European sub-advised fund assets see record growth

Europe’s sub-advised fund assets have experienced their highest six-monthly growth since preparations for the introduction of MiFID 2 heralded a structural shift towards sub-advisory two years ago, according to the latest analysis from instiHub.

The first quarter of 2019 saw assets grow by 13 per cent after declining by 6.4 per cent during Q4 ’18. This is the highest growth since instiHub’s records began at the end of Q4 ’16, driving the industry, comprising over 2,600 mandates awarded by over 170 sponsors in 17 selection markets to more than 580 sub-advisers across the globe, to a new record. During the first half of 2019, the UK, Sweden, and Italy performed above average – replaced during Q2 by Switzerland, the Netherlands, and Spain.
 
Andreas Pfunder, CEO and founder of instiHub, provider of the leading and most comprehensive sub-advisory data platform, adds: “Sub-advised fund sizes have grown tremendously in 2019. Net three new sponsors have entered the industry with new programs, adding EUR3.5 billion in new money. We already know of at least one more who will enter with billions worth of funds. Such dynamics create great opportunities for proactive asset managers.”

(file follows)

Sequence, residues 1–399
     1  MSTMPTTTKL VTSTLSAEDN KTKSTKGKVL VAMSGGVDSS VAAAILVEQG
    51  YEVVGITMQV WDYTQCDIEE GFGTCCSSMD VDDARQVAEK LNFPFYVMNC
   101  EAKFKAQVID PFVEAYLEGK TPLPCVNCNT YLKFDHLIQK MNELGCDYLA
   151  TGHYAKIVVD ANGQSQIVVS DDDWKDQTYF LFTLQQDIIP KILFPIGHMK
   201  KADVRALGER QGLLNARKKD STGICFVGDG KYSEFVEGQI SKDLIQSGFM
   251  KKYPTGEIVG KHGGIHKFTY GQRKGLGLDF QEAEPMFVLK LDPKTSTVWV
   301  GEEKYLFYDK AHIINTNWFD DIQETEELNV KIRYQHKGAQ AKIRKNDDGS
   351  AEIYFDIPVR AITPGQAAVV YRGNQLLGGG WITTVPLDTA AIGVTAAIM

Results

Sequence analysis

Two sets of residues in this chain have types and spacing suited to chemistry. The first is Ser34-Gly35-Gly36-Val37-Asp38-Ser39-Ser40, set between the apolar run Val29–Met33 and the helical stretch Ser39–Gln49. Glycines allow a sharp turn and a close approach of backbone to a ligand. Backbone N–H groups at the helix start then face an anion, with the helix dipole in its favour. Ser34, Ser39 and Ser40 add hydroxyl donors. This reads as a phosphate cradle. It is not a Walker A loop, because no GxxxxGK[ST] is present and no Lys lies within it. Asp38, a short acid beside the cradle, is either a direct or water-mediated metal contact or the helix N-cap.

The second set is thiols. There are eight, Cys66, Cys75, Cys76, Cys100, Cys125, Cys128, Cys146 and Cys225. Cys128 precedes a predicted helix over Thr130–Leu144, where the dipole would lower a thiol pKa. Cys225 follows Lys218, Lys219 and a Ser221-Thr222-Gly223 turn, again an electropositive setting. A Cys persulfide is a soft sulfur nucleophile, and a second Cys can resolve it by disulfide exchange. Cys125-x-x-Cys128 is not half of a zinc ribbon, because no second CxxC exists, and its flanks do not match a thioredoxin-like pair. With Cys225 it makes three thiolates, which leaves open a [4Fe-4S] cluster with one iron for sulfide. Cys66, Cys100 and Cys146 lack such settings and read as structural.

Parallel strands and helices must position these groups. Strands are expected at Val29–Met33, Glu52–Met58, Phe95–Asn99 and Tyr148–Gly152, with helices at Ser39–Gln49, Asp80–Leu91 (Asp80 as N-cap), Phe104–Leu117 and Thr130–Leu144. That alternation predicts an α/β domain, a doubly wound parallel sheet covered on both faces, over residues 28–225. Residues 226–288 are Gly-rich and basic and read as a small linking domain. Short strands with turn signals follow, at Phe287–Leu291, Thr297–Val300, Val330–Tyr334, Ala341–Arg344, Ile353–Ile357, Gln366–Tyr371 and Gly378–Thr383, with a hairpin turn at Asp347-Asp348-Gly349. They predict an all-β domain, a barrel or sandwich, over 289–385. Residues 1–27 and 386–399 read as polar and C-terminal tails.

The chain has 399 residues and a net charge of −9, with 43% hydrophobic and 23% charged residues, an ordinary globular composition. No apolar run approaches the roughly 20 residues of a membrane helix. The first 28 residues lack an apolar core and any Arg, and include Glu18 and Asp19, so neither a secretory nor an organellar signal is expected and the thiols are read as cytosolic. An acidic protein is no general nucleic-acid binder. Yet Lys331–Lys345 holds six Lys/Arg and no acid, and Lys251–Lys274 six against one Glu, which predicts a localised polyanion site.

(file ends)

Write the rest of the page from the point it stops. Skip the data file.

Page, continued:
instiHub expects growth in sub-advisory to continue over the medium term. With more transparent cost disclosure being forced by regulators, value creation for investors moves into the foreground. The sub-advisory model is an ideal solution to achieve this, both from an access to best talent as well as cost perspective.
 
“Some fund-of-funds will be very exposed and need to rethink their structures. I can see a future where fund-of-fund sponsors and discretionary managers resort to large building blocks that are set up specifically for such clients on a sub-advised basis. Some of the large consultants such as Mercer, specialists like ABN AMRO Investment Solutions, or multi-boutiques like Nordea are ideally based to accommodate the needs of fund-of-fund allocators who don’t have the bandwidth to undertake full manager due diligence themselves,” says Pfunder.